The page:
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In the bottom right-hand corner of Utah lies an area surrounded by red rock and nestled next to the Colorado River. This part of southern Utah is home to two national parks: Arches and Canyonlands.
Visitors flock to the small town of Moab (population 5,130) to hike, bike, raft and enjoy the beautiful surroundings the town has to offer.
Just a few miles outside of Moab lies Arches National Park. While the National Park Service boasts about the 2,000 arches that make the park unique, it also offers everything else that makes national parks so beloved to the nation.
Arches is only three hours away from BYU, which makes it close enough for a day trip. BYU senior Kamilla Cunningham from South Carolina visited Moab for the day a couple of years ago.
“I liked the trip because it got me out of Provo for a day,” Cunningham said. “I saw a side of Utah I had never experienced and the red rock is beautiful.”
Most of the journey to Arches is filled with flat desert land, sagebrush and mountains in the distance. There is a rest stop right before the turnoff at Highway 191 that offers panoramic views of the area.
While convenient for day trips, Moab does provide plenty of entertainment for a longer visit.
There are several options for accommodating a multiple-day trip, including hotels in Moab just a few minutes’ drive from the Arches National Park entrance and visitor’s center.
Camping is an option for the more adventurous. There are both commercial campsites and Bureau of Land Management campsites available outside the park. These campsites usually require a fee per night stayed. One campground within Arches holds 50 camping spots. The National Parks Service charges $25.00 per night at the campground.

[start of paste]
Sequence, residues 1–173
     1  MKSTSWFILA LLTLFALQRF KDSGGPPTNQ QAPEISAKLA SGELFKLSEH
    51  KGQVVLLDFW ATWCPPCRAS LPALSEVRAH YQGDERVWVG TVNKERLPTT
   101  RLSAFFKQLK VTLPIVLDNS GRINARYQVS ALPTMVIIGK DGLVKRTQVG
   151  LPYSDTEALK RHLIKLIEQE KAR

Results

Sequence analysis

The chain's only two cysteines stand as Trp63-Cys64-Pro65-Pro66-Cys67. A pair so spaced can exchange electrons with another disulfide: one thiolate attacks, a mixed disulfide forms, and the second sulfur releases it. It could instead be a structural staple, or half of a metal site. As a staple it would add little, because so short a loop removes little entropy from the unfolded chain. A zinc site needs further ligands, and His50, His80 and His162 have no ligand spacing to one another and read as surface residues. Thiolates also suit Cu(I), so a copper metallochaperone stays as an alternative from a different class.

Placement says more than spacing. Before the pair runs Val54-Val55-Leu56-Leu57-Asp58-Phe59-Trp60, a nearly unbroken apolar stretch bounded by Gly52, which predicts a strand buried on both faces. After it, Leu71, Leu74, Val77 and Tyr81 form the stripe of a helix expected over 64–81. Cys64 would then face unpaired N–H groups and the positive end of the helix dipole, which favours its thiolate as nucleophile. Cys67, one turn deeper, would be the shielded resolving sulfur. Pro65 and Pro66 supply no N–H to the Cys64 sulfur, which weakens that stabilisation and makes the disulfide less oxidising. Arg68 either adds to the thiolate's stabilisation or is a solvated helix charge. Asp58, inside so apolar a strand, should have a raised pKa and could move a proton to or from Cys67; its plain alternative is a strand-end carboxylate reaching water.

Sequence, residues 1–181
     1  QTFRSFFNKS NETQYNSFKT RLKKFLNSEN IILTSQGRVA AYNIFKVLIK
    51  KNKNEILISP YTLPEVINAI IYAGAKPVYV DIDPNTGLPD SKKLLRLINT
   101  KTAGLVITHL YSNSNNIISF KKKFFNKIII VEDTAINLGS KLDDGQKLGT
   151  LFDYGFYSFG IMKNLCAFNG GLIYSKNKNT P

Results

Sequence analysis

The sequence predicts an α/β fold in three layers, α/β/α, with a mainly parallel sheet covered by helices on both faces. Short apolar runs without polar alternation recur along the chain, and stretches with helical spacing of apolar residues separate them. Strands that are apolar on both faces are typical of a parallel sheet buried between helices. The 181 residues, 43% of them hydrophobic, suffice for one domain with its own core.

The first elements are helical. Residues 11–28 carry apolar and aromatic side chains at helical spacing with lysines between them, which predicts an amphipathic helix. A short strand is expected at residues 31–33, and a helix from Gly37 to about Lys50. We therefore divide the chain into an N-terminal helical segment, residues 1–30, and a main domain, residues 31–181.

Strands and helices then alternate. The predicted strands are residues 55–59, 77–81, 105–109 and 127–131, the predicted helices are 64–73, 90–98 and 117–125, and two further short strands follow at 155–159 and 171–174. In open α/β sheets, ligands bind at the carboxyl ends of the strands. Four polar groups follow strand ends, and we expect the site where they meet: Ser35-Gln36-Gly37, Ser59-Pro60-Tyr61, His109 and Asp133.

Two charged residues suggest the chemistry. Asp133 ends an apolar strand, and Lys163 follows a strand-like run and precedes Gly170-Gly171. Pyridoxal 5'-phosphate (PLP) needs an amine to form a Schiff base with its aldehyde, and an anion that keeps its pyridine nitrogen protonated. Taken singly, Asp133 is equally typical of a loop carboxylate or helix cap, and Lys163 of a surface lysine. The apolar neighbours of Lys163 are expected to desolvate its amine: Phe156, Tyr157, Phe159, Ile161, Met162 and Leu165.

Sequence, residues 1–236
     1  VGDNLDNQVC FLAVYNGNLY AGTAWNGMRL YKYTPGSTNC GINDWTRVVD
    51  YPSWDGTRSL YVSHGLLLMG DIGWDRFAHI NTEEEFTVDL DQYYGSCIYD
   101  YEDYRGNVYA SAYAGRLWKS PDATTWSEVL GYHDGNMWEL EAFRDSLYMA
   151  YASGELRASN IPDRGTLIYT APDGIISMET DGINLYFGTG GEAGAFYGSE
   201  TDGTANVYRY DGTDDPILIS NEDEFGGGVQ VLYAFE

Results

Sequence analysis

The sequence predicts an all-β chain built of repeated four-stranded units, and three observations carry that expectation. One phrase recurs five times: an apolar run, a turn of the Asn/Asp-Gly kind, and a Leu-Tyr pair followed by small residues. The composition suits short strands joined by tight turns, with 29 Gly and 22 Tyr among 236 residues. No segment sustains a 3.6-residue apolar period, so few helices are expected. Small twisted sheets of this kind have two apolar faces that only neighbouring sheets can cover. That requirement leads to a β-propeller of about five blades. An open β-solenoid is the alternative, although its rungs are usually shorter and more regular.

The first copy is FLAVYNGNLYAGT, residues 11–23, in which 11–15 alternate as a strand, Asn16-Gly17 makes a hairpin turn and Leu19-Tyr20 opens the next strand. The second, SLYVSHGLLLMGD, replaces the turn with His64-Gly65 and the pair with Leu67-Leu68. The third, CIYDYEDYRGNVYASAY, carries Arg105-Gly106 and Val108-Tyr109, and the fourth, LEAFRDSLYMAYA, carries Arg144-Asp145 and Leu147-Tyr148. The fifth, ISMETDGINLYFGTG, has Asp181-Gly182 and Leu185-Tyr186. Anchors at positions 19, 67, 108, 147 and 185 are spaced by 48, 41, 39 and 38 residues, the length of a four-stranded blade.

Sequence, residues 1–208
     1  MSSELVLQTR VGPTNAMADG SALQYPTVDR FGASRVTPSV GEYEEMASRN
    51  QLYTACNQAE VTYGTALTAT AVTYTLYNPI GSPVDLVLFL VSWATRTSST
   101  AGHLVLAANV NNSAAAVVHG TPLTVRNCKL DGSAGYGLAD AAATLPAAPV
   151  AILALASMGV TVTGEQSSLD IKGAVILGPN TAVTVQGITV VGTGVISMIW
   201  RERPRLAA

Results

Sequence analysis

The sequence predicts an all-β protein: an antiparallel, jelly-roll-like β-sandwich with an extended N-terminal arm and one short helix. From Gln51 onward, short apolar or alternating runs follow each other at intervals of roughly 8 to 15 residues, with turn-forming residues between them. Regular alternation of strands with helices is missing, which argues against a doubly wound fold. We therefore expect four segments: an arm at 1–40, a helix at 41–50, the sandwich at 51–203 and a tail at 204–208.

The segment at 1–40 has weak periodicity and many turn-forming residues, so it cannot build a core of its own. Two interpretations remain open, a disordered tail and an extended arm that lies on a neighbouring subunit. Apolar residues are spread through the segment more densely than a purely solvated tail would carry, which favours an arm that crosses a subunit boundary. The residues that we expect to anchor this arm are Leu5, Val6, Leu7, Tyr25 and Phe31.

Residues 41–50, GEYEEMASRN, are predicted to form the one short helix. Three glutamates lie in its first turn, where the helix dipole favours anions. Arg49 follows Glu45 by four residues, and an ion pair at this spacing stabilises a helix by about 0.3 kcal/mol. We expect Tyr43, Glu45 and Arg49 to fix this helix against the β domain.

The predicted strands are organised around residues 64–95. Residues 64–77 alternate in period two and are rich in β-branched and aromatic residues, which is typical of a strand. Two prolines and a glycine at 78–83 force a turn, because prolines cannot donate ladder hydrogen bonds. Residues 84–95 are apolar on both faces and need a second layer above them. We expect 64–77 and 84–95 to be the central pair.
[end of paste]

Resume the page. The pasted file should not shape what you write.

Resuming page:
There are a few hikes and other attractions in Arches on a one-day visit. Moab resident Carli Lewis suggests seeing the “windows” section of the park and hiking to Delicate Arch, the arch found on Utah’s license plate.
Lewis said those staying longer than a day should do everything they would like in Arches and then then head to Canyonlands (if they are willing to hike) or Dead Horse Point State Park, which is an incredible overlook of the Colorado River. Those interested in mountain biking should check out the Slickrock and Amasa Back bike trails, but keep in mind that spring and fall are much more temperate than the scorching heat of the summer.
Lewis also suggested a 4×4 tour.
“They’re expensive, but worth it one time,” she said.
As for food, Lewis said it simply depends on what’s wanted. She suggested visiting the Sunset Grill at sunset for an amazing view and incredible steaks, the Moab Diner for affordable diner food, Sweet Cravings for something a little more expensive but delicious and Singha Thai for decent Thai food.
While there are busy seasons, Arches is warm enough all year to welcome guests year round.